Kenneth T. Co, Luis Muñoz-González, Sixte de Maupeou, and Emil C. Lupu. 2019. Procedural Noise Adversarial Examples for Black-Box Attacks on Deep Convolutional Networks. In Proceedings of the 2019 ACM SIGSAC Conference on Computer and Communications Security (CCS ’19). Association for Computing Machinery, New York, NY, USA, 275–289. DOI:https://doi.org/10.1145/3319535.3345660
Abstract: Deep Convolutional Networks (DCNs) have been shown to be vulnerable to adversarial examples—perturbed inputs specifically designed to produce intentional errors in the learning algorithms at test time. Existing input-agnostic adversarial perturbations exhibit interesting visual patterns that are currently unexplained. In this paper, we introduce a structured approach for generating Universal Adversarial Perturbations (UAPs) with procedural noise functions. Our approach unveils the systemic vulnerability of popular DCN models like Inception v3 and YOLO v3, with single noise patterns able to fool a model on up to 90% of the dataset. Procedural noise allows us to generate a distribution of UAPs with high universal evasion rates using only a few parameters. Additionally, we propose Bayesian optimization to efficiently learn procedural noise parameters to construct inexpensive untargeted black-box attacks. We demonstrate that it can achieve an average of less than 10 queries per successful attack, a 100-fold improvement on existing methods. We further motivate the use of input-agnostic defences to increase the stability of models to adversarial perturbations. The universality of our attacks suggests that DCN models may be sensitive to aggregations of low-level class-agnostic features. These findings give insight on the nature of some universal adversarial perturbations and how they could be generated in other applications.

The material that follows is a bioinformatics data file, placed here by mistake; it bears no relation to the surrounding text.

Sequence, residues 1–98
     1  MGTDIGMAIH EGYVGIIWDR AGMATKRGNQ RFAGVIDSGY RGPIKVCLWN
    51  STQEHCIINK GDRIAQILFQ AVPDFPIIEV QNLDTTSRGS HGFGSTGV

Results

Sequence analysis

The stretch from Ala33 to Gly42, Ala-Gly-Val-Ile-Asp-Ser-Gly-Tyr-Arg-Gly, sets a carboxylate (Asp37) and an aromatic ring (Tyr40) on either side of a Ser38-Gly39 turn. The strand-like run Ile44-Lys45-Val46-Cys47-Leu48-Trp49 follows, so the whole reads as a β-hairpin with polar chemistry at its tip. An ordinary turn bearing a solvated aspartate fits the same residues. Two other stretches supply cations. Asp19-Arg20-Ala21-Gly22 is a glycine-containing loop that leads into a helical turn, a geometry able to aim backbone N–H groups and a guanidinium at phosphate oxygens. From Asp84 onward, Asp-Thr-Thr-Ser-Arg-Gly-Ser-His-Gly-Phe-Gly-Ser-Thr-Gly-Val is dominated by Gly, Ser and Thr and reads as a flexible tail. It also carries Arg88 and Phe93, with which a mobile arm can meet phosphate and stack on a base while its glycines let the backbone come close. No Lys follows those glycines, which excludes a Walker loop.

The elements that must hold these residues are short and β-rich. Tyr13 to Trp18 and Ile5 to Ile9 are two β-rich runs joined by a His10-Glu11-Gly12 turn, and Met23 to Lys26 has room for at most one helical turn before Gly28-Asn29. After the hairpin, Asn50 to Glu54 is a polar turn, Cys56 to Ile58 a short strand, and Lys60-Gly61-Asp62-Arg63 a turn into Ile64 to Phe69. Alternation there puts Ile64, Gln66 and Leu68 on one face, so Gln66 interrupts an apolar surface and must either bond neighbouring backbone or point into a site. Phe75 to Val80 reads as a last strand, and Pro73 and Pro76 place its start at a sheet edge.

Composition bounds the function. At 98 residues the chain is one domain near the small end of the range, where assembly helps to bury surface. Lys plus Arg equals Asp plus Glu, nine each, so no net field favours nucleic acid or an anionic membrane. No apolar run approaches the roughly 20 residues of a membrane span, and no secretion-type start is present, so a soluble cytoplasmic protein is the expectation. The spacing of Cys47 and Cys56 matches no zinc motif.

We have released the code with a demo or our poisoning attack described in the paper “Towards Poisoning of Deep Learning Algorithms with Back-gradient Optimization.”
You can access the code in this link.
Fulvio was a Visiting Researcher in the group working on various aspects relating to hybrid-threats and formal analysis applied to network policies. He is with the department of Control and Computer Engineering at the Politecnico di Torino and continues to work in cyber-security within the context of network and systems management.
Aaron will be presenting a paper based on his MSc thesis work “Exploiting Correlations to Detect False Data Injections in Low-Density Wireless Sensor Networks” at 5th ACM CPSS 2019, co-located workshop with ACM ASIACCS.